Closing the Resume Gap

My academic background is in International Relations.  So when a career counseling client comes to me with concerns about the “gap” on her resume – the “career gap” – I always smile (to myself) thinking about the good ole days of the “missile gap” when the US thought it was behind the Soviet Union regarding the number of missiles each side had.  Common wisdom had it that the US was far behind and had the catch up.  The truth was actually closer to the opposite.

It’s a good analogy because most people believe that the gap on their resume is a gap which needs to be explained, not filled.  Problem is, if you have to explain something it is, by definition, a problem.  So the best way to deal with a resume gap – meaning that you have been unemployed for some time – is to fill it.  The question is, with what?

My approach to a job search is to always stay focused on the employer.  What does the employer want?  What does the employer care about?  Let’s answer those questions and fill the gap:

Employers want employees who leave their egos at the door.  Take on some part-time jobs to help make ends meet.  There is nothing wrong with saying to an employer, “As you can see on my resume, I leave my ego at the door.  I have bills to pay and honest work is honest work, so I’ve been stocking shelves at my local supermarket.  If nothing else, it’s a great workout and I have gained an appreciation for what “behind-the-scenes employees” go through which, I think, will make me a better supervisor.”

Employers want employees who try to better themselves.  There are plenty of free (or close to free), well-respected, on-line courses (schools, actually) that you can take.  Check out Coursera (, EDX (, Minerva Project (, Udacity (, and if I may be immodest, visit my website as I will be offering webinar series on starting and running a business; and a series on conducting a successful job search and career success.  So list the courses you have taken.  In the case of Coursera you’ll be able to note that the instructors come from Ivy League colleges.

Employers want employees who keep sharp.  So take on some consulting or part-time roles in your profession and volunteer at some non-profits.  But make certain your volunteer work is related to your profession.  The added advantage is that you will be expanding your network and, as happens all too often, one of your new connections may lead you to your next job.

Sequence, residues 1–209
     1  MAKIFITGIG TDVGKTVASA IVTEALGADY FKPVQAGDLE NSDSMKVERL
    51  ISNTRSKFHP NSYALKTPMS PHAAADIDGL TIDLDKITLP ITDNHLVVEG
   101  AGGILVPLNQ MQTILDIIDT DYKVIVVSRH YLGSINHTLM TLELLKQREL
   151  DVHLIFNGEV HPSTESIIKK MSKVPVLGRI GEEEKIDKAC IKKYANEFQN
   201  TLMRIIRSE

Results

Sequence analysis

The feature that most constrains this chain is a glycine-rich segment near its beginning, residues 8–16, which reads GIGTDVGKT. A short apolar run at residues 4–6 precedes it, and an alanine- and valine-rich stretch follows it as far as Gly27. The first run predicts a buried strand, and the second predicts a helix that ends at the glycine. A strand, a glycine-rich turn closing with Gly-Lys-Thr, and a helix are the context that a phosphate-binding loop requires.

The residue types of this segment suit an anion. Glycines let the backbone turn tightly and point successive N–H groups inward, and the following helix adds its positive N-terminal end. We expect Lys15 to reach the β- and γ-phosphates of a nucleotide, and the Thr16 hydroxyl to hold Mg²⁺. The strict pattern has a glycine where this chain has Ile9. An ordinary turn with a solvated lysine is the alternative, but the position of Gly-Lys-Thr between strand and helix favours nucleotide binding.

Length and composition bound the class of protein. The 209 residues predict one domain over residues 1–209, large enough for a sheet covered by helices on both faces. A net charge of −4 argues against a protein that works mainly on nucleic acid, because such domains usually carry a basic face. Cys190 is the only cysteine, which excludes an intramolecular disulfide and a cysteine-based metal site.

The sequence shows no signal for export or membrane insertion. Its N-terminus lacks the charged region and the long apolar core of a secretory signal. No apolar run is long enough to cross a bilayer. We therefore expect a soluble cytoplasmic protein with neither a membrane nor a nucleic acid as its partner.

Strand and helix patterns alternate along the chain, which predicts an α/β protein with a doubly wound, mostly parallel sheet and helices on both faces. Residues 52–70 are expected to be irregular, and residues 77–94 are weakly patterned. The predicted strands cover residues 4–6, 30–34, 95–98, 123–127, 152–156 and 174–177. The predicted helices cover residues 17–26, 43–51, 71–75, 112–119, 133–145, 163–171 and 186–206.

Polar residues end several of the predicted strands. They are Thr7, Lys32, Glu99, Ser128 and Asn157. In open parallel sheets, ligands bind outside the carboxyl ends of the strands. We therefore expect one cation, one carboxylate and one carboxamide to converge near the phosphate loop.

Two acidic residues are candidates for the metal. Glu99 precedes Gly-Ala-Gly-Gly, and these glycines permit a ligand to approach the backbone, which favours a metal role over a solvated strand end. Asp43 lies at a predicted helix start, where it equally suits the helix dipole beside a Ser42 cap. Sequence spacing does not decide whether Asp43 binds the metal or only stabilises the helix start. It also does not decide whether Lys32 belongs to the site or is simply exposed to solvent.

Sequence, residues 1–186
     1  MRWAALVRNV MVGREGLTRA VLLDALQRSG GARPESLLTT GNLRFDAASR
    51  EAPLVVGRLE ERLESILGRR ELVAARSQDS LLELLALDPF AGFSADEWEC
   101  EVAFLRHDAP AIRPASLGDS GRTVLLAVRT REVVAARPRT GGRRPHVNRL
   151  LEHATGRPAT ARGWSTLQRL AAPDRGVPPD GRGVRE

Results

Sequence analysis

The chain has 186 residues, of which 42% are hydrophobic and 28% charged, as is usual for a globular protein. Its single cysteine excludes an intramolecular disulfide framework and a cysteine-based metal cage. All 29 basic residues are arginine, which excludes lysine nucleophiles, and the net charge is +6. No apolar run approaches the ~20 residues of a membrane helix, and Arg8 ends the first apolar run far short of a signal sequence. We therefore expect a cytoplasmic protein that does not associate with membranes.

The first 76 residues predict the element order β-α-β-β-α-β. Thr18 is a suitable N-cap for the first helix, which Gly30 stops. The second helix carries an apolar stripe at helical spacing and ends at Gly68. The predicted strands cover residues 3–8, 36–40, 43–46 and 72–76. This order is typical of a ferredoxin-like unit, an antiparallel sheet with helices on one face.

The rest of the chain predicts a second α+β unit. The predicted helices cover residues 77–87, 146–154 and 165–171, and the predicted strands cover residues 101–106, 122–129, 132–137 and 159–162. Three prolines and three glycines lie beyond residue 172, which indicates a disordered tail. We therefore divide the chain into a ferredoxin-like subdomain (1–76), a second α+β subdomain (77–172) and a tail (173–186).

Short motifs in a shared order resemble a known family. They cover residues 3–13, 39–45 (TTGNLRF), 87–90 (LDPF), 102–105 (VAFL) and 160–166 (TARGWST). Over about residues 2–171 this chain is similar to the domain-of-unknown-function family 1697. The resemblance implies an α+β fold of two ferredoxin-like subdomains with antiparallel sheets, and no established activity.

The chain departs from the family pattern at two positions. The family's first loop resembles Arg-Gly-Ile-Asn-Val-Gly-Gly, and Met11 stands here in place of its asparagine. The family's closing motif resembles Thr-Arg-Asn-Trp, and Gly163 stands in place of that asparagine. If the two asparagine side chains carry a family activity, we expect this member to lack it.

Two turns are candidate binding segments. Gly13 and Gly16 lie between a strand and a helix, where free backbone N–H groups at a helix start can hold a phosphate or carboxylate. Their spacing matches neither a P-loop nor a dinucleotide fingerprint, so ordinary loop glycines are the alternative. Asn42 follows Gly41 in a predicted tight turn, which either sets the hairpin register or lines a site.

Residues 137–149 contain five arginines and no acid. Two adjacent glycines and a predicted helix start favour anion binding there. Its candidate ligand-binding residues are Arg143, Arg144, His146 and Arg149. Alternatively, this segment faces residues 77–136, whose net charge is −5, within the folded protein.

Finally, employers like employees who can multi-task.  So when they read on your resume, under a sub-heading “Interim Work Related/Professional Activities,” which is the section that fills the gap, everything that you have been doing, you can add, in the interview, that you have also been applying for jobs, networking and interviewing.  Most importantly, you can say, “As you can see, I don’t like to be idle.”  And as we all know, no employer likes an idle worker.


Applying for Jobs for Which You are Unqualified

You see your dream job advertised.  You immediately put pen to paper, or rather, fingers to keyboard, and send off a well-crafted cover letter, to which you attach your resume.  In the letter you explain that you have “transferable skills” and let your passion come forth from the page like boiling hot water and steam from Old Faithful.  And your reward?  Rejection.

But you have “transferable skills.”  You have passion.  So why are you being rejected?

Because you are unqualified.  “Transferable skills” means, “I don’t have the qualifications for the job, but do me a favor and interview me anyway.”  No.  Sorry.  The employer does not need to do you a favor.  The employer needs to fill the position with someone who can actually do the job.  A person with a proven track record of success.  A person who will not have a steep learning curve, if any at all (over and above learning “the company way”).

“But,” I hear you say, “people change careers all the time.  Why does it work for them and not for me?”

Simple.  They network.  They get introduced by a credible person, someone whose opinion the employer respects.  That person tells them, “I understand that you are looking for a marketing pro.  I know a woman who would be perfect for the position.  And before you ask, she is totally unqualified, except for the fact that she has a great skill-set and more passion for marketing than you’ll find in anyone else.  If I could, I’d hire her.  Give her ten minutes.”

And since I did that for one of my clients, I know it works.

Contact Information and Resumes

I used to work at a nursing home.  One day everything that could possibly go wrong went wrong.  The State showed up for a surprise inspection (which we passed with flying colors).  The grandchildren of a resident who had passed away filed a suit for abuse and neglect.   (It was thrown out.  We proved that they had never visited their grandmother during the years that she had been at the home and did not know what they were talking about.)   And a grant we had applied for was rejected.